To empower queer women towards greater involvement and presence in the community
Advocacy for LBTQ women's rights at CEDAW
Sayoni was at the United Nations in Geneva in October 2017 to bring Singapore LBTQ women's issues to the forefront. The CEDAW Committee heard our concerns and raised recommendations related to LBTQ women in their Concluding Observations for the Singapore government.
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Just some thoughts on what I did on Mothers’ Day this year.

I normally have lunch every Sunday with my uncle and aunt. Usually it is just the three of us (since my grandfather passed away, my cousin went to study in Sydney and my sister moved to Malaysia). On Mothers’ Day my aunt and her siblings were doing a big family lunch with their mum, and they invited me to join them. My partner was not invited, because I am only out to my aunt and uncle (not to her extended family), and also because they still think it is wrong and they disapprove.

So lunch was at a lovely Thai restaurant and the food was delicious. It was all very “decent” and “civilised”, by which I mean that there was no mention of my partner. But of course how could there have been when the majority of the company do not know about us.

I think that being in the closet is both an active and passive thing. It is like walking a tightrope, a delicate balancing act. It is like sitting on one of those large rubber balls supposed to strengthen your core muscles; your aim may be to remain perfectly still but you are expending lots of energy just to maintain your balance on the bouncy sphere.

That is how I feel when I am with company that I am not out to. I feel as if I am always on guard, holding my breath in case they ask me the dreaded “Why don’t you have a boyfriend?”, double-filtering all my words before they come out of my mouth, and other fun varieties of mental Solitaire.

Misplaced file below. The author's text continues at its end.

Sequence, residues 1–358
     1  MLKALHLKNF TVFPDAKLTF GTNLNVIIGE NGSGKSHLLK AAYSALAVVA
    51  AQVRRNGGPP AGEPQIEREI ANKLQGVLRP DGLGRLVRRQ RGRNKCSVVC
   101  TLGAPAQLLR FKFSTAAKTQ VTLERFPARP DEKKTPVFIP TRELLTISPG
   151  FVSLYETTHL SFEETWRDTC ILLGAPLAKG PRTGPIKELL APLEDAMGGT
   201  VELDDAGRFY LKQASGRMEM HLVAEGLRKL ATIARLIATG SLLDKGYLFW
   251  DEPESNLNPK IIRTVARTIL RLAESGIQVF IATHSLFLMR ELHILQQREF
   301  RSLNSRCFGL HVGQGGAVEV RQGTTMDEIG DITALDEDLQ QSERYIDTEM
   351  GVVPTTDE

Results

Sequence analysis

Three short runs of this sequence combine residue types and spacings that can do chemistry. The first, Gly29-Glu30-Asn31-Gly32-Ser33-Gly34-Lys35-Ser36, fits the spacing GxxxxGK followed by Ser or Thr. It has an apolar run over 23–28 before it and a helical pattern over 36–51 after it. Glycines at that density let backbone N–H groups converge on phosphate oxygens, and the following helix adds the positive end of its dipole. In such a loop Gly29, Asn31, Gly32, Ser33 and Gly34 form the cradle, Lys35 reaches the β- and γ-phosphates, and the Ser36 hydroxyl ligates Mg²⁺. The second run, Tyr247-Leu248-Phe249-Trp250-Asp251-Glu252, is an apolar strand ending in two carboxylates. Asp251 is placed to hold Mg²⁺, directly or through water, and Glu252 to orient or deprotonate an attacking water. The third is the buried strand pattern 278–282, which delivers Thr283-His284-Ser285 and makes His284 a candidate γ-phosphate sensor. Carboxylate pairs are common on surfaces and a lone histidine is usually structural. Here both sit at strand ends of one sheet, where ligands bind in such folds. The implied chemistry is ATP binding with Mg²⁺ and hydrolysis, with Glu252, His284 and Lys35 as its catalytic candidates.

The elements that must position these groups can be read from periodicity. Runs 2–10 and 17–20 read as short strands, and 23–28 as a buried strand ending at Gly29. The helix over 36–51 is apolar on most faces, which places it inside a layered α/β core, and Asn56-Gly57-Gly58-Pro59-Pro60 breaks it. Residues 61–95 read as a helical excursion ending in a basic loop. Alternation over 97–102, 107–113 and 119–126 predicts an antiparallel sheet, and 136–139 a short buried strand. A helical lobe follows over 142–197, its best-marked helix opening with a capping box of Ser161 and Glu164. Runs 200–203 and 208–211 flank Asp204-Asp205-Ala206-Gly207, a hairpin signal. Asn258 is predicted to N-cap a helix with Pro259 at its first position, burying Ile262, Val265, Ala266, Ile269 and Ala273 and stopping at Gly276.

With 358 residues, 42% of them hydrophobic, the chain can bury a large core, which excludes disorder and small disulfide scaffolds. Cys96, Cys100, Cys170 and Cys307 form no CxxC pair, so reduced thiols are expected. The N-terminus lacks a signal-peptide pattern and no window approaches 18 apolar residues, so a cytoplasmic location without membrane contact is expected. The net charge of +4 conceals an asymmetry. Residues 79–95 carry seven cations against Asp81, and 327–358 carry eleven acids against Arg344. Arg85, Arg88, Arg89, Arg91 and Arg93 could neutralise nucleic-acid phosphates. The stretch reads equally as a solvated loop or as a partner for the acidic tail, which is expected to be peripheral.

So let’s move on to dinner on Mothers’ Day. My partner was planning to bring her parents out for dinner, and she suggested I join them. My relationship with them is cordial, at most. The main reason for this is the language barrier. Secondary reason is that my partner and I mostly hang out at my place, so I haven’t met her parents very frequently. However those times that we have met, they have been friendly and kind towards me. We also think that they do realise that we have some kind of relationship going on, even though my partner has never actually talked to them about anything gay-related.

Dinner was at a very crowded eating-house nearby. They managed to get a table while I was parking the car. Food was also very good. Conversation was pretty mundane, the superficial type of chatter that you can have with people whom you don’t know well, in a language which you failed in school.

But throughout dinner, it did not feel awkward at all (aside from the awkwardness of my Chinese). I felt welcome and accepted. It was not strained, forced or contrived. My partner’s parents seemed to be quite happy, acting normally and enjoying the food. I was happy.

The contrast struck me as interesting.

Lunch with my aunt and uncle (who I am out to) and her family. I felt like I was hiding, and trying to be someone whom I’m not.

Dinner with my partner’s family. We have never actually declared to them that we are in a relationship, but from what they can figure out, I am the only Girl-Friend who is brought home. Many dissimilarities between me and them in terms of background, language etc. But I felt safe and welcome.

Disclaimer: I am aware that there may be many reasons and contributing factors to explain why the lunch and dinner turned out so differently. However, if I start all the conjecture and hypothesis, I would be perhaps-ing and on-the-other-hand-ing until the cows come home and no closer to a concrete answer. Thus I have chosen to focus on the way that that day made me feel, because my feelings cannot be reasoned away.


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